Nach ai-Angaben erklärten jemenitische Behördenvertreter gegenüber der Menschenrechtsorganisation, die Anweisungen zur fortdauernden Inhaftierung der drei Jemeniten kämen von den USA. Sollten die USA eine Freilassung verlangen, würde Jemen sie freilassen.
Seit längerem wird vermutet, dass der US-Geheimdienst hochrangige Al-Qaida-Gefangene an geheimen Orten festhält. Die "Washington Post" meldete vergangene Woche, die CIA betreibe Haftzentren unter anderem in osteuropäischen Staaten. amnesty international wirft den USA seit längerem vor, Gefangene "verschwinden" zu lassen. Die ai-Recherchen lassen nach Einschätzung der Menschenrechtler aber auch darauf schließen, dass dies nicht nur mutmaßliche Al-Qaida-Führer betrifft. Wie die Berichte der Jemeniten zeigten, sei das System illegaler Auslieferungen und geheimer Verhörzentren offenbar größer als bisher angenommen. "Alle Länder, die bisher an diesem völkerrechtswidrigen System mitgewirkt haben, fordern wir auf, den USA ihre Unterstützung zu entziehen", sagte ai-Experte Muggenthaler.
* Aus: Internetzeitung www.ngo-online.de, 07. Nov. 2005
"Disappearance", Secret detention and Arbitrary detention
Full name: Muhammad Abdullah Salah al-Assad
Family status: Married, five children
Amnesty International has received consistent reports that the US authorities have a network of secret detention centres around the globe, holding an unknown number of "war on terror" detainees in unknown conditions. In September 2005, Amnesty International spoke with Muhammad al-Assad, a man who had been caught up in this sinister system. He was effectively "disappeared" by the US for over 16 months.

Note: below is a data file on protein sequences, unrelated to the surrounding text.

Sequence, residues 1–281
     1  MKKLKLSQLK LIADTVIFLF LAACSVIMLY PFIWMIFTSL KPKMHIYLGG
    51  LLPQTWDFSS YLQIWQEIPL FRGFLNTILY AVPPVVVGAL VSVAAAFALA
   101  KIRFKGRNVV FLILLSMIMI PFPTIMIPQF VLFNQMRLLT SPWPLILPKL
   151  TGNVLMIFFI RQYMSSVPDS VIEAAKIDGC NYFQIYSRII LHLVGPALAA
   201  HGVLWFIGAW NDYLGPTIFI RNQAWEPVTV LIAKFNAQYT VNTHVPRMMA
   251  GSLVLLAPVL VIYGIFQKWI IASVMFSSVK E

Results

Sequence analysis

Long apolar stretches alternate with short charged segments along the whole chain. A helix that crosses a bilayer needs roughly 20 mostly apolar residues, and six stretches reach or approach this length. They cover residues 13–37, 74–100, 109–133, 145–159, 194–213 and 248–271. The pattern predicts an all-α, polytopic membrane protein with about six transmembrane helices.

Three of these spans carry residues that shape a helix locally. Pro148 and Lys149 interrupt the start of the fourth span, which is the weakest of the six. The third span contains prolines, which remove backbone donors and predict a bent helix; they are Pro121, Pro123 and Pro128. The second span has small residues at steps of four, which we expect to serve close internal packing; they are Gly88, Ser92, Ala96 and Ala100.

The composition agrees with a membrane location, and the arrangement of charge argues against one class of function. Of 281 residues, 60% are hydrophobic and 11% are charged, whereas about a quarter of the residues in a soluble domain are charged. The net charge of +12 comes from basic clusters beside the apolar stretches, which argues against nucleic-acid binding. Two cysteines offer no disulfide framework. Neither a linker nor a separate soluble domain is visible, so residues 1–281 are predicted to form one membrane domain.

Muhammad al-Assad is a Yemeni national who had lived in Tanzania for 25 years. He ran a small business importing diesel engine parts. In 1997 he leased office space that he owned to a Saudi Arabian charity named the Al-Haramain Islamic Foundation. After the 11 September 2001 attacks on the US, this charity was placed on a blacklist by the US authorities as a possible link to terrorist funding.
Arrest and secret transfer to US custody
"I was frightened, very frightened, and kept asking what was happening to me" – Muhammad al-Assad
On the night of 26 December 2003 Tanzanian immigration officials came to Muhammad al-Assad’s house and arrested him. He was hooded and cuffed and taken to a flat where he was interrogated about his passport.
From here he was taken to a plane. He asked his guards what was happening to him. One replied "we don’t know, we are just following orders, there are high ranking ones who are responsible". His head was forced down when he entered the plane, leading him to believe it was a small aircraft.